Former Midpen General Manager Steve Abbors is a naturalist at heart. In conversation he casually throws out facts about birds and butterflies. He logs hundreds of trail miles per month.
Caring for the land was a main driver throughout his career. “If you look at a map of the Bay Area, it’s surrounded by this great, green area of land in public ownership,” Abbors explains. “The oxygen that we breathe, the water that gets purified, the food that we have, the carbon that gets sequestered. That’s all done there. That’s what that land is, it’s our life support system. So, we care for the land that cares for us.”
After growing up and spending the majority of his career in the East Bay with lengthy stints at East Bay Regional Parks and the East Bay Municipal Water District, Abbors moved across the bay and finished out his career as Midpen’s general manager from 2008 through 2017.
While at the helm of Midpen, Abbors led the District in the creation of a public vision plan, working together with the public to chart a 40-year course forward. This plan helped Midpen realign our focus to equally embrace all elements of our braided mission: preservation, protection, education and enjoyment. The subsequent passage of Measure AA, a $300 million general obligation bond approved by voters in 2014, followed, and allowed Midpen to complete, among many other projects, the long-awaited opening of the Mount Umunhum summit in 2017.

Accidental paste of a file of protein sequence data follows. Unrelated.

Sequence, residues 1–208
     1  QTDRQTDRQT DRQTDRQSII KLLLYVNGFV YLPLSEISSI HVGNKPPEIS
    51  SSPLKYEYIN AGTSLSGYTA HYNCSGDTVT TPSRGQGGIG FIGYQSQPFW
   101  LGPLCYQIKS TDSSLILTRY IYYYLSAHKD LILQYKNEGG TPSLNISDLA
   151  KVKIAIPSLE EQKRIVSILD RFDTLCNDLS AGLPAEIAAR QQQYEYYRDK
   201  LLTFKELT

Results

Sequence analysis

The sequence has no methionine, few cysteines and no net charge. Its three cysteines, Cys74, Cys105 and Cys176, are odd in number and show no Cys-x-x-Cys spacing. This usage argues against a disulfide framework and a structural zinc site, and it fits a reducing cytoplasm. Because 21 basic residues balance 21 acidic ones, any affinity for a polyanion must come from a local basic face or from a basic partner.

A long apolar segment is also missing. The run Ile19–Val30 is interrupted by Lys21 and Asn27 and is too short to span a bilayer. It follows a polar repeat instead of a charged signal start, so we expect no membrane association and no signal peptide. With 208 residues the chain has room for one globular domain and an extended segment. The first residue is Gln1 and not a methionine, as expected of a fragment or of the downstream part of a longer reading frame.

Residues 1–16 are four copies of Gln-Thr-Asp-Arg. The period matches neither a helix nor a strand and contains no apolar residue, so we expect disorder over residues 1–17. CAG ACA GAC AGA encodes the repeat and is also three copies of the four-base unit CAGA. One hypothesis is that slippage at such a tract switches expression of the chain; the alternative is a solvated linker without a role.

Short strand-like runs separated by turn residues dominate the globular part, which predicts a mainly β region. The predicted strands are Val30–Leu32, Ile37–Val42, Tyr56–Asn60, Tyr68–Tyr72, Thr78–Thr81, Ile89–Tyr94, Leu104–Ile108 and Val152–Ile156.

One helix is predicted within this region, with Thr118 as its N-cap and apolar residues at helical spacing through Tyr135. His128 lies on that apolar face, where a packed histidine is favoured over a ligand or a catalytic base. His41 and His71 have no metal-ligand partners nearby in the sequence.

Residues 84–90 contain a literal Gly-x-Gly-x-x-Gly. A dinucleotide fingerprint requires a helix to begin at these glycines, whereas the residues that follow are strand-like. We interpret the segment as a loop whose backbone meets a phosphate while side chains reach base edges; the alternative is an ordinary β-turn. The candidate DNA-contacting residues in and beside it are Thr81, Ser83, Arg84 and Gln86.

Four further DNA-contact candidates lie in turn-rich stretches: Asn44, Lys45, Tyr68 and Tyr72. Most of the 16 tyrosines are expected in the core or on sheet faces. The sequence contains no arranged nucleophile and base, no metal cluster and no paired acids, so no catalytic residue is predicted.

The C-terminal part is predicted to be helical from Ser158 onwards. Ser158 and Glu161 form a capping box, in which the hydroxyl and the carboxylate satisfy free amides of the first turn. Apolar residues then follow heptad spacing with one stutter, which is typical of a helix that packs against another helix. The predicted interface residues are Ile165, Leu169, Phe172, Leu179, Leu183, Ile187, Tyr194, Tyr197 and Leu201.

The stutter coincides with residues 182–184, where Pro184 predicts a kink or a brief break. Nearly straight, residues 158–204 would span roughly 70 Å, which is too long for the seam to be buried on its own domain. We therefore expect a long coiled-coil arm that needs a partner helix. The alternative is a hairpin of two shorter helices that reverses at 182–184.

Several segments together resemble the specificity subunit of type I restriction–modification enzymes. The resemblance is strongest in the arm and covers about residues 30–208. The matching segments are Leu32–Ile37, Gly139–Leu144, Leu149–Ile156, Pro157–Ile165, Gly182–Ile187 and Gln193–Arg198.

In one of his final acts as General Manager, Abbors oversaw the creation of a conservation easement over the Mount Umunhum summit with the Amah Mutsun Tribal Band. Mount Umunhum is a sacred site to the Amah Mutsun people and is central to their creation story. “We view the conservation easement a unique opportunity, and a responsibility, to help reconnect the Amah Mutsun people with their culture. That connection, to their culture and the land that supported it, was severed centuries ago,” Abbors said when the agreement was first approved.
When asked to name his favorite preserve or trail, Steve hesitates before calling out the former PG & E Trail in Rancho San Antonio Preserve – now named the Stephen E. Abbors Trail. During his time at Midpen, Steve hiked this trail nearly every day after work. “You get a lot of exercise, but it’s also a place where you can see wildlife…rabbits, deer and pale swallowtail butterflies,” Steve remembered.
Once a naturalist, always a naturalist.